I am currently writing from my home office, (my bedroom) while my co-workers (my dogs) are hard at work on calls and research (snoozing or randomly barking). It is the new normal for us all. However, I do not want to talk quarantine or coronavirus or at home activities, or share workouts or how to not gain 10 pounds during this time of isolation. I figure there is quite enough, and more, out there for you all to consume.
Instead, I’m going to share something I started quite a while ago, but have been too afraid to actually share. Now is as good of time as any. It’s about stories. I love a good story. I love to hear one and love to share them. One of our family mottos, coined by my brother, is “It’s all about the stories”. We said that to each other quite often during the time we were in the middle of navigating that new land of taking care of our parents with one health crisis after another.
Since that time whenever one of the boys or I have one of “those” days with some of life’s inconveniences, mishaps or those things you just can’t make up, we remind ourselves that “it’s all about the stories” and it keeps life interesting.
During this time of creating a “new normal” and the uncertainty around us, we are creating and experiencing new stories, or at least, new chapters to our story that we would never have imagined.
Even before this current change of events, I had been thinking a lot about stories. My story. Your stories. We all have them. Our stories make us who we are, help us learn, foster growth, give us strength, and, ultimately can change us. Sometimes our stories are full and fun and great. However, they can also be deep and dark and hard. Of course, they can be both, which is likely the case for most of us. What we have to realize, though, is that we cannot be afraid of our stories.
They are ours. No one else has your exact same story. You may find someone with similar backgrounds, experiences and joys and heartaches. But your story is only yours. The next thing to realize is that it is up to you to determine what you are going to do with that story. And that is important. If you can hang with me I’ll get to that. . . .
I’ve learned a bit about our stories. I have learned that our story can not only grow as more is added and built on the storyline with new characters and plot lines. It can also change. Completely. And if you think it has come to an end, then you are selling yourself and our Creator short. There can always be a new chapter.
You see, part of my story really changed a few years ago when I lost my dad after a long illness, my brother suddenly during his prime, and then my mom – all within a very short time. That hard period changed me and made me part of who I am today. It became part of my story.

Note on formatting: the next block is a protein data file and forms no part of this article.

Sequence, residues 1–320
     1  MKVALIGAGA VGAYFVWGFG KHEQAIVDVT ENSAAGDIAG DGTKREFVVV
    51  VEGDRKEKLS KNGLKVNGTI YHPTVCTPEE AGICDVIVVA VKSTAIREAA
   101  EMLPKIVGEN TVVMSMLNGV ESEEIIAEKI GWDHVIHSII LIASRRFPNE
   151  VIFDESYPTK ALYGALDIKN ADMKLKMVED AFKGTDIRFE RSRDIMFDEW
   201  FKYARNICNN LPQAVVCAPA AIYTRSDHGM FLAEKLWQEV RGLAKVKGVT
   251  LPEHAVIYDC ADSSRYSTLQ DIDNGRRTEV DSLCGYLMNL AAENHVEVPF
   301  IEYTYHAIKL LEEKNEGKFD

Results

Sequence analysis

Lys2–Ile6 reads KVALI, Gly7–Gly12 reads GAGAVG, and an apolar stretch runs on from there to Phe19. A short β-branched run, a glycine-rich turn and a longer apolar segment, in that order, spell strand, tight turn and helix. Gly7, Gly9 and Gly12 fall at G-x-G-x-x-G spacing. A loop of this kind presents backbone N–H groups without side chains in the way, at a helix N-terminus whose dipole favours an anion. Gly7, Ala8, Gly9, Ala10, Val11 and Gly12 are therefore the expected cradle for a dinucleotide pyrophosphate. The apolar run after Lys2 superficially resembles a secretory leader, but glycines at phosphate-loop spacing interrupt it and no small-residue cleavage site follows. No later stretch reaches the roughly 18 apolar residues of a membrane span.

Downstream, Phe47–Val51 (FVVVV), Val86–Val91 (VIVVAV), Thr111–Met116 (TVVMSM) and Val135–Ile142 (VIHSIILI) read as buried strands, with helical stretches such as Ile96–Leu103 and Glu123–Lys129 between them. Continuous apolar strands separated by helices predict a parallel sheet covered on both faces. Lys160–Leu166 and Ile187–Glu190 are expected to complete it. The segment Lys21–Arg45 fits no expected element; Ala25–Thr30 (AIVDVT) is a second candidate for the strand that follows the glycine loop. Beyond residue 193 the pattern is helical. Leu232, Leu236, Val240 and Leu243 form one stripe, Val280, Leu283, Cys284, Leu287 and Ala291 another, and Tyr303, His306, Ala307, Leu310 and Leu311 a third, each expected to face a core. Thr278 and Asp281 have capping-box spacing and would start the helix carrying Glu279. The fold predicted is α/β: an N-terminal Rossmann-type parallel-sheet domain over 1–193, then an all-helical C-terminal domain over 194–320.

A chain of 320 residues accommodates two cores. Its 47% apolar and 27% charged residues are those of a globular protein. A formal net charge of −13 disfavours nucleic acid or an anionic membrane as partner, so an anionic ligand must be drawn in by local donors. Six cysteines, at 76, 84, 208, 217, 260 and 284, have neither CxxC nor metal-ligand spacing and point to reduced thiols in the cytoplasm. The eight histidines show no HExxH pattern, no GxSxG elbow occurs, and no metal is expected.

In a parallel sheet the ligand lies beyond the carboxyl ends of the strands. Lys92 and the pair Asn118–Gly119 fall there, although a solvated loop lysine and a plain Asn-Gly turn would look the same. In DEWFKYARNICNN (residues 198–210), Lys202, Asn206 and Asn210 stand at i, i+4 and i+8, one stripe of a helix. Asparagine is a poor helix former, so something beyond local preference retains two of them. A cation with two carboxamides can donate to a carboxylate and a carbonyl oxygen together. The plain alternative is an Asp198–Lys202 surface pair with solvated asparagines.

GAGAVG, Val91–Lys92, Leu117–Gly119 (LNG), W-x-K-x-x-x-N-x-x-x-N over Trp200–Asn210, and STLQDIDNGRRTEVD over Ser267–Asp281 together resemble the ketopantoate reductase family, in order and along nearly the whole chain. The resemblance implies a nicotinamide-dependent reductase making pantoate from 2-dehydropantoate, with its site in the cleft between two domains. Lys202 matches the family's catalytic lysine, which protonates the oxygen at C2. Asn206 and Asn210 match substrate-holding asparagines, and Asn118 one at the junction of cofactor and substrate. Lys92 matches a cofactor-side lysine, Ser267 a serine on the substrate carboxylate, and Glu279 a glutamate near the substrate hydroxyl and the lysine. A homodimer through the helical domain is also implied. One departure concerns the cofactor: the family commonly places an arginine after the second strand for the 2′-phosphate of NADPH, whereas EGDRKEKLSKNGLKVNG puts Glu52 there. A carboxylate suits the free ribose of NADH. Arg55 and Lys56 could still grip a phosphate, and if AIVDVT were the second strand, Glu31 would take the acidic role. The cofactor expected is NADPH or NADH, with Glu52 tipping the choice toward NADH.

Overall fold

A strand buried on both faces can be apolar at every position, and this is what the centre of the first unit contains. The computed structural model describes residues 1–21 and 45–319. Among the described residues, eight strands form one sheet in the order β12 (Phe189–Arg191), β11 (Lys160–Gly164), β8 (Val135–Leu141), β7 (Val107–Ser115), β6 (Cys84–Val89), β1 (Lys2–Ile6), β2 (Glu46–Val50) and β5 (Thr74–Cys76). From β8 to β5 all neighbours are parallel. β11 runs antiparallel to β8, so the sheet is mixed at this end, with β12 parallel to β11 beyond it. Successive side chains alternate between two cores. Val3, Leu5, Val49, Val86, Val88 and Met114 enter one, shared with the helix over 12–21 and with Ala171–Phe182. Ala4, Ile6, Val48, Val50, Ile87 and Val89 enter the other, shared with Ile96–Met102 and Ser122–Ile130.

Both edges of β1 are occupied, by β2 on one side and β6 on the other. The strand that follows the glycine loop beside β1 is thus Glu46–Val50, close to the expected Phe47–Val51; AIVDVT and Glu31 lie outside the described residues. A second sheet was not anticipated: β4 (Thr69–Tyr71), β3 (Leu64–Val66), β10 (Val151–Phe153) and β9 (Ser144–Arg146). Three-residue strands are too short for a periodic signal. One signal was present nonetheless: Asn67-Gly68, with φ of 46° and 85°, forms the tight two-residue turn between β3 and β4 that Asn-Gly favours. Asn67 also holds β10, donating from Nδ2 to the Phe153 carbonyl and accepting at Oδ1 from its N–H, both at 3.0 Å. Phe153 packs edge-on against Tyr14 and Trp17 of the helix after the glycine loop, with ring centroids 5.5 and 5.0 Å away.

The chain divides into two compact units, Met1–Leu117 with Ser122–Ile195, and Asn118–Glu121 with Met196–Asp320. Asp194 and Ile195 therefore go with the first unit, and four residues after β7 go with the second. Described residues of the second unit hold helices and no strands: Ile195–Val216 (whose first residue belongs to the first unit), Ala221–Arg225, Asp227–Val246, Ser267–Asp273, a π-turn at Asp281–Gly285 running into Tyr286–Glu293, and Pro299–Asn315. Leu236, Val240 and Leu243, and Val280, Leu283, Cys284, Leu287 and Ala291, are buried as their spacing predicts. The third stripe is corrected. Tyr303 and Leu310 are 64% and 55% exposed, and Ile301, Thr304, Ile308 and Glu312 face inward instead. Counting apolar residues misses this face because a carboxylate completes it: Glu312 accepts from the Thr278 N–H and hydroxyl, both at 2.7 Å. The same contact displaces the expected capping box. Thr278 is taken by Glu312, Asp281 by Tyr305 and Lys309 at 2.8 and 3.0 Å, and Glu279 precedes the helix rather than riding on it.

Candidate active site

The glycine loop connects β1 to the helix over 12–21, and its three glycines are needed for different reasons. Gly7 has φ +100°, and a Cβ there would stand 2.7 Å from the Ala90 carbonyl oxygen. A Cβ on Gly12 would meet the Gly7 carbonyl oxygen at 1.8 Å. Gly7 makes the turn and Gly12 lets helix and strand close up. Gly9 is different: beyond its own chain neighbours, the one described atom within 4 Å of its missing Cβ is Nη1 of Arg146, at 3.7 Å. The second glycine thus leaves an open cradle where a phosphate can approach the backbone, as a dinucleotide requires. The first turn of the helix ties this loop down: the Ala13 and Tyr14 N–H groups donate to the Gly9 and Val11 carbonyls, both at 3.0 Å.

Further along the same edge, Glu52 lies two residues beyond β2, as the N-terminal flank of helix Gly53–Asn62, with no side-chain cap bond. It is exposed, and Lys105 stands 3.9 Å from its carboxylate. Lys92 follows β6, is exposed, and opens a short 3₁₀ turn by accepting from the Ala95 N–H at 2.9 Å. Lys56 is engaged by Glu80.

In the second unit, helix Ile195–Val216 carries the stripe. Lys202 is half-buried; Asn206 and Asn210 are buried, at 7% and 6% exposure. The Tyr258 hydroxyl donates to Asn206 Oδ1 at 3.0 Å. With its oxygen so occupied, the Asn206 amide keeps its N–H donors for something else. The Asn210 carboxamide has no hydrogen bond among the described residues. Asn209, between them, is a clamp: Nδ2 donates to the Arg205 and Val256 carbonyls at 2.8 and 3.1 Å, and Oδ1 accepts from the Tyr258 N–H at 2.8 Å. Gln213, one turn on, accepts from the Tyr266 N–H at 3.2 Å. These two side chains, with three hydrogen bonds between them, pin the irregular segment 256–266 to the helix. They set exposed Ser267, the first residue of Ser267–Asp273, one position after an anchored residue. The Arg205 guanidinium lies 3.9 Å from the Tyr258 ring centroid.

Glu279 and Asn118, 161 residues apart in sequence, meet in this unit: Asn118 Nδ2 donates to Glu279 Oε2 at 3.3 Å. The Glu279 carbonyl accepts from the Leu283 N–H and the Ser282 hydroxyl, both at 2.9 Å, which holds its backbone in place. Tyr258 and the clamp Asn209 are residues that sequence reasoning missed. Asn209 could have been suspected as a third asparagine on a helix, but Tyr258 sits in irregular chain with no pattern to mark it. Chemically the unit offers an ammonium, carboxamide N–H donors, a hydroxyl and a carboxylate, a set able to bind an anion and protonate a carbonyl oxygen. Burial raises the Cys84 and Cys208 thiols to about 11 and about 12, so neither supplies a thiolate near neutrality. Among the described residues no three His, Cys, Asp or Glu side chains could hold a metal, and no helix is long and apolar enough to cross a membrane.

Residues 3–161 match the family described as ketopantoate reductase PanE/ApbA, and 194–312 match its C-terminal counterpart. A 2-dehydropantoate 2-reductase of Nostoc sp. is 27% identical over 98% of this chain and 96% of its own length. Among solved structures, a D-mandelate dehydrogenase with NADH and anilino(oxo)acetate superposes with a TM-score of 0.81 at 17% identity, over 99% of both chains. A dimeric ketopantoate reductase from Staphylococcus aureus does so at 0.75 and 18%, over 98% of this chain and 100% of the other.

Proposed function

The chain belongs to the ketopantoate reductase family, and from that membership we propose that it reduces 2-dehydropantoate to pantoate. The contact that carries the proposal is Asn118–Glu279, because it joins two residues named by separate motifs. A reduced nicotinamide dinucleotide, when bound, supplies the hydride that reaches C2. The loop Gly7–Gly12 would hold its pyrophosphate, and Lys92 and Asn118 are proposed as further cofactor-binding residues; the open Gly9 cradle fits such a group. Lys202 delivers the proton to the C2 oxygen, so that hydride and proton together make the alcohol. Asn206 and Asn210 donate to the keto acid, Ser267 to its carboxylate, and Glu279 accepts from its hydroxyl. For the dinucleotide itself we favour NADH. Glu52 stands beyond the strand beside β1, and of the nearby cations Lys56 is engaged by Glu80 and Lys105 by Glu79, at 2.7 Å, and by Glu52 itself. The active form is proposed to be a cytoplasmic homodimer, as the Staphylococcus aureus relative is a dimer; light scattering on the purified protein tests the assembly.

My story has changed again. It went in a completely different direction than I would ever have dreamed. Losing my marriage and my husband to alcoholism and experiencing all of the hurt, change and ramifications is not the story I ever imagined at this point in my life. For me or for my children. It has been hard and even harder to tell.
Some stories are difficult to share for different reasons. They may be too raw for a period of time, require time to process or to find the courage to speak, and, importantly, are not always just your story to tell.
You may also find your story is too big or ugly or true for some people to hear. I have found all of this to be true.
But here is the other thing about stories. They can be so many things for the listener. Entertaining, educational, inspiring, encouraging. For the teller or sharer, they can be all of those but also very healing. It can be a two way street.
So, if we can get over our fear and discomfort and find the right time and place to share, it can be a positive experience for everyone.
That brings on the big question: What will you do with your story? Whether you will use it, share it and how you will use it or share it. How you find the purpose in that experience and finding a way to make it matter by helping you and others. Or you can bury it, be afraid of it, or allow it to make you bitter, angry or stuck.
We all have different experiences and are all affected differently. What may be big and hard for one person may not be for another. Even seemingly small things can have an affect. What may not feel like the right time to share now, can change later.
I spent a lot of time sitting with my mom before her death. She would talk and share from her childhood or stories from my brother’s or my childhood. She shared little anecdotes from her childhood with her sister, little tidbits from dating my dad, their early years during the time my dad was in dental school, funny things I did as a little girl. For the first time she also talked about the hard period when she stayed with me while my dad waited on a heart transplant and how this was such a struggle because her own mother was at home fighting breast cancer. She shared good, funny, uplifting stories as well as some really hard ones.
How I wish I had more time to ask questions and listen!
Your story is what makes you who you are. It matters. Don’t hide it or be afraid of it. Whether it is a funny anecdote from your day or a pivot in your life, it is important and always worth sharing for someone.
And I am always up for a story and listening.
I’m thinking this would be a great opportunity to take the time to write or record some of your stories. . .
After you wash your hands.